What is it that decision makers can all claim to have in common? And what can you specifically do today to craft more convincing messages? Writing meaningful copy is hard enough on its own. Add to that the element of persuasion and it can seem like too much to keep up with. Ask yourself this: what is it that decision makers can all claim to have in common? And what can you specifically do today to craft more convincing messages?
Crafting more convincing messages
1. Decision makers are looking for clarity - understand what it is you are trying to communicate. Always use simple language. There is no such a thing as oversimplifying your message even if your audience is highly educated or highly technical. Simplicity works best because these messages can be processed by the brain much easier; no jargon mumbo jumbo needed. If you are unsure whether your message is too complicated or not, you can use tools to find out the level of writing you have in your site. You should be aiming at primary level regardless of the education level of your audience.
2. They are all seeking for some proof to justify choosing you. You can build your proof in the following ways:
• Testimonials - Use real testimonials - add a picture of the person giving the testimonial (very key for charismatics, but hardly enough for the skeptics and controllers).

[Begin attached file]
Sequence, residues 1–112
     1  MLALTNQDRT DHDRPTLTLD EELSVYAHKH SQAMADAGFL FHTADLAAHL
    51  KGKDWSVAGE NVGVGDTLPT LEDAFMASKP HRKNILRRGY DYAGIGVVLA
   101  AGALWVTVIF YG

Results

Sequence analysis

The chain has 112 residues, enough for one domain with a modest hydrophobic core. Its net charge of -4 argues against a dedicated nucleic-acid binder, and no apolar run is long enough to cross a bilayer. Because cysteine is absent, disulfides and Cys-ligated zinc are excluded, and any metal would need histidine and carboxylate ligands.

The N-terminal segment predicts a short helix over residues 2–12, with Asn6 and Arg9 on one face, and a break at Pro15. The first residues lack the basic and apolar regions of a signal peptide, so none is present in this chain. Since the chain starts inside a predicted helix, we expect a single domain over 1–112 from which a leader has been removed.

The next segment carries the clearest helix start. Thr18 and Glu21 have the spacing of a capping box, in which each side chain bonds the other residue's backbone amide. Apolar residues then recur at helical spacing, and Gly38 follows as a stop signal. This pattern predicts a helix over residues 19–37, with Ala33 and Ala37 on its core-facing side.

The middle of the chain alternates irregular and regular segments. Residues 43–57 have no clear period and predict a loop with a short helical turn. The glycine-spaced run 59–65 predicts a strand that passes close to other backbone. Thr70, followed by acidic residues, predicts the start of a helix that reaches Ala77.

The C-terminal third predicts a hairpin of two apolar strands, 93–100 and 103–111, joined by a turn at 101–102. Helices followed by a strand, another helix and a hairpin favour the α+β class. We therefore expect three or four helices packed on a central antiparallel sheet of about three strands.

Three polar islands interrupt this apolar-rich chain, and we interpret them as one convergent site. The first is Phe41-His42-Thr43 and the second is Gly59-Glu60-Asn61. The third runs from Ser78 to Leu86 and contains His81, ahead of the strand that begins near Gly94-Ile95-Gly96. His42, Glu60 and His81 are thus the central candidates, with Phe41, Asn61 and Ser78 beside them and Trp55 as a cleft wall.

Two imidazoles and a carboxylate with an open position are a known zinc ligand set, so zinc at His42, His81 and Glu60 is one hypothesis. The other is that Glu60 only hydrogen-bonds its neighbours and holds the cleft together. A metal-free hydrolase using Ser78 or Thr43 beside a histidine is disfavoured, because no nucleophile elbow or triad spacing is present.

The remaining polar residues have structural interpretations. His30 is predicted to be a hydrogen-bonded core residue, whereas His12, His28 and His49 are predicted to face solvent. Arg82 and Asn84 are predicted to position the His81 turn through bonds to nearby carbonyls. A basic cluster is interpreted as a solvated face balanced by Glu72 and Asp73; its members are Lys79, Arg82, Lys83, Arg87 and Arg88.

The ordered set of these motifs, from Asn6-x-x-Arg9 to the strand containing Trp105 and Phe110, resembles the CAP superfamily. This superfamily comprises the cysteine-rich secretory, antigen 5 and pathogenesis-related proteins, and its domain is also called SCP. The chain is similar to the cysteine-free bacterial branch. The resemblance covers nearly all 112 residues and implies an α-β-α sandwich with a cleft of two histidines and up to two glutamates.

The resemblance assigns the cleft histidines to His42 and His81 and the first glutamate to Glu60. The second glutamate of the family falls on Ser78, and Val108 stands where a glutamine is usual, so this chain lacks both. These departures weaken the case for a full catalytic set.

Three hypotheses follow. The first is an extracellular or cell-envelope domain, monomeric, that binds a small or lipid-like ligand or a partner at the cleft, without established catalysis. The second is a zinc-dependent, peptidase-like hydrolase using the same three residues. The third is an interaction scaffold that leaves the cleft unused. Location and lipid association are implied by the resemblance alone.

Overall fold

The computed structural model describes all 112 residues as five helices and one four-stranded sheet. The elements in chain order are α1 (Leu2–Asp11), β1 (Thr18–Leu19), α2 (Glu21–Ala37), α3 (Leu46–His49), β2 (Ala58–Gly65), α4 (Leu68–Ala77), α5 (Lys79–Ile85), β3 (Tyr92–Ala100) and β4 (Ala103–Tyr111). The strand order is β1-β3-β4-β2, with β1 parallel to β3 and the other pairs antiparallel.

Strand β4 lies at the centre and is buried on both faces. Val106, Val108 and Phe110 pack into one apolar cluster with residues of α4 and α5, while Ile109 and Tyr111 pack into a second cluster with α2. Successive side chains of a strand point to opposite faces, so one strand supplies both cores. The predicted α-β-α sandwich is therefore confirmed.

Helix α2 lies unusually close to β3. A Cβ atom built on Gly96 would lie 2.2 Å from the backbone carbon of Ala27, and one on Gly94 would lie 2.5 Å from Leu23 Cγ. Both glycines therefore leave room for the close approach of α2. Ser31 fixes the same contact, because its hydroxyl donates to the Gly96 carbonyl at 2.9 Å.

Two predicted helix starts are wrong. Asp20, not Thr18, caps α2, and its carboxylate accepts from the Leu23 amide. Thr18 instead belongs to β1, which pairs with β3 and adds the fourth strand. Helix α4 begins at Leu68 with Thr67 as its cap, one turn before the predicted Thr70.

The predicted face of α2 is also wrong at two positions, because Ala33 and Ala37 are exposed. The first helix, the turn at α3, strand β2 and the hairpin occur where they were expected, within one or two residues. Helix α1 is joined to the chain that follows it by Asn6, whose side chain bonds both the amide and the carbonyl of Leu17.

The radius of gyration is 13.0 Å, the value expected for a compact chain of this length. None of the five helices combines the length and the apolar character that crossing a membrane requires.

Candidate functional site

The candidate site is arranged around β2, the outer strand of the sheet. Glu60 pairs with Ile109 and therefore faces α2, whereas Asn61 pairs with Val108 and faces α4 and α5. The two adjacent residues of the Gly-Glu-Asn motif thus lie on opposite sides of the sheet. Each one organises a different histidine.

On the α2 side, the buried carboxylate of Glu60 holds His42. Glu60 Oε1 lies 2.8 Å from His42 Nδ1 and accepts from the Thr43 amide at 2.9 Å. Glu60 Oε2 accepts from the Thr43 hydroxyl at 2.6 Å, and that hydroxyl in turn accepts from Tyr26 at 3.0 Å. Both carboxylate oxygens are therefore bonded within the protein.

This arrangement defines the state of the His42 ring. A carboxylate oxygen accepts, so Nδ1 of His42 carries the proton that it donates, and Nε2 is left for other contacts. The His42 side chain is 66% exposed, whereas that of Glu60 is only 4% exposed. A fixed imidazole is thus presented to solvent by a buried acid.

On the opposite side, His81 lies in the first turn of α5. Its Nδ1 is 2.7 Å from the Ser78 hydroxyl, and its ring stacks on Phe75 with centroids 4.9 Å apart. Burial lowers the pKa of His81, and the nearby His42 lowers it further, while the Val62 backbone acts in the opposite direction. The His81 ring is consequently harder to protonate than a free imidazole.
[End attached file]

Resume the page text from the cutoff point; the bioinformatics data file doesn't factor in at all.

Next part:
• Highlight key clients - If you have landmark clients make sure you highlight them (key for pretty much all of them except the thinkers- details of how it works are more important for the thinkers than past experience)
• Build business cases - Show real results and facts and show how you have solved similar problems with other clients. This is absolutely critical for the skeptics, followers, thinkers and controllers.
3. Even if only Thinkers are looking for details of how it works, but you must provide the details anyway, because a lot of thinkers will be doing the research on your site. And although these only represent 11% of the decision makers these are a very important segment for your online messages.
So how do you keep the balance between summarizing and detailing? Make your pages scannable: make the headlines message rich so that everybody can understand what your message is just by scanning the headlines. And still provide detail in well crafted paragraphs of non-jargony text. Structure your paragraphs so that the most important information comes first - give away the farm - and don’t attempt to be intriguing. Your goal is to be clear, not mysterious.
Not sure if your copy is clear & simple enough? do the friends test: read it out loud and then ask yourself: “Is this the way I would talk to my friend?” If the answer is yes, then you are good to go. If not, you have some work to do.
Talk to the old brain